Spend less on gifts, more on time with people
The ultimate way to spread holiday cheer is to do it in person. We know that you’re busy-- we are living our holiday season, too-- but it really is the best thing in this guide. And you can do it in several different ways.
You can start early, by helping someone to decorate. Putting up a Christmas tree, or holiday lights outside, or even holiday baking is always easier-- and more fun-- with help! If there’s anyone on your visit list who already has their decorations up, ask them for a tour and see if they have any stories to tell about decorations that came through family members or funny opportunities or backstories.
You could also organize a craft night with snacks and holiday-themed drinks. Everyone spends time together and goes home with memories to accompany their new decorations.
We also like the idea of volunteering your time. There are tons of opportunities that even small towns need. Visiting the elderly in nursing homes or the hospital brightens their day like nothing you’ve ever seen-- many of them are there because they don’t have family members nearby or who are capable of taking care of them. Visits from family and friends are rare, so imagine how special a chance to meet someone new would mean to them! Ask them for their life advice or stories about the holiday celebrations they had as young men and women. Who knows-- you might walk away with new recipes, ideas, and even a new friend.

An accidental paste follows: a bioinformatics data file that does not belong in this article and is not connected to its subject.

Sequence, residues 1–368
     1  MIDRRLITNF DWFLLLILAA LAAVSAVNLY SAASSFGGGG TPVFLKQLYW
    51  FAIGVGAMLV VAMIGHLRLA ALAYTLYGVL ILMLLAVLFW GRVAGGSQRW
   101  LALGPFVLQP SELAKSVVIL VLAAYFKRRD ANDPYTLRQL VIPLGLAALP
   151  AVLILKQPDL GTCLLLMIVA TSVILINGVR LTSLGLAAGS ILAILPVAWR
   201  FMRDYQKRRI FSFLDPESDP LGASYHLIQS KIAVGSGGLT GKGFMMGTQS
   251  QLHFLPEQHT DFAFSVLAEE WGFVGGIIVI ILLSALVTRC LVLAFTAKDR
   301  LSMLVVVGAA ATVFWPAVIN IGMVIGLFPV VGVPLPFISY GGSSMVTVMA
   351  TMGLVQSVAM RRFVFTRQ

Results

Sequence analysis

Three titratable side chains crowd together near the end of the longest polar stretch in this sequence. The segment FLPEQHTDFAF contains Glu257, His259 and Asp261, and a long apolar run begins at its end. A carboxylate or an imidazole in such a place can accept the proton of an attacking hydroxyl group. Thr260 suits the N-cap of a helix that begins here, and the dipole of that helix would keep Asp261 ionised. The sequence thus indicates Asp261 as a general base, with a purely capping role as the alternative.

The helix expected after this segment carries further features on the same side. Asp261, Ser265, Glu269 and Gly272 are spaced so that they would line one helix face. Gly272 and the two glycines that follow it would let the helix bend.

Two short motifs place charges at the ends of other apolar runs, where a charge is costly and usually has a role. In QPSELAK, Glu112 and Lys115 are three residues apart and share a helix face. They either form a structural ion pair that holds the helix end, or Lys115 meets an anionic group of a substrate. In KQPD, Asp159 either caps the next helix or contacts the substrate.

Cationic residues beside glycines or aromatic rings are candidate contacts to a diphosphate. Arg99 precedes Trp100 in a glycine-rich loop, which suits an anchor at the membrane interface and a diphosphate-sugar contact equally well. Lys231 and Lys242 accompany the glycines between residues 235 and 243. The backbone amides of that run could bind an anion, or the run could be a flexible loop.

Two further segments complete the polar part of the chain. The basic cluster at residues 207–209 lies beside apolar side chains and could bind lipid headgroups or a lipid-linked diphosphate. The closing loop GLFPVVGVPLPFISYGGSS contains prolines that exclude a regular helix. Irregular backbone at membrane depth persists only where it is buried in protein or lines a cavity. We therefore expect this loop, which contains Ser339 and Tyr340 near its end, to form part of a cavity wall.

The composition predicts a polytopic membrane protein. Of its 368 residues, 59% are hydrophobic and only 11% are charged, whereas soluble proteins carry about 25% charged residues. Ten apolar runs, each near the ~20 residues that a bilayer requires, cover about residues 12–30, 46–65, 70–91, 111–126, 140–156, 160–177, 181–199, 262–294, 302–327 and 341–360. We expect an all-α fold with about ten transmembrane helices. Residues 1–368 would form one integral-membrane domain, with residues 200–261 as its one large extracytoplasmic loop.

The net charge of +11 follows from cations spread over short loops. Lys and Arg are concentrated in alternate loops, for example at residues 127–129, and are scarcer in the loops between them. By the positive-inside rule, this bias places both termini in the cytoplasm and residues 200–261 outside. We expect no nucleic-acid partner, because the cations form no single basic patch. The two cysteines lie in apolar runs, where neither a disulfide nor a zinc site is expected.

If you live near a children’s hospital, there are opportunities to rock babies to sleep and help stressed out families with caring for any healthy children they may have living at the hospital with them while a sick sibling is receiving treatment. Many children’s hospitals have programs such as adopt-a-grandparent that pairs volunteers with sick children who want that connection, but are far away from home. It also gives the parents a much-needed break to sleep, have a date night, or even get some of their own holiday shopping done. Check at the front desk to see if the hospital has any upcoming events with which they need help.
There are many other ways to spread holiday cheer-- we’ve just listed a few of our favorites. What are some ways you use to spread holiday cheer? Comment below!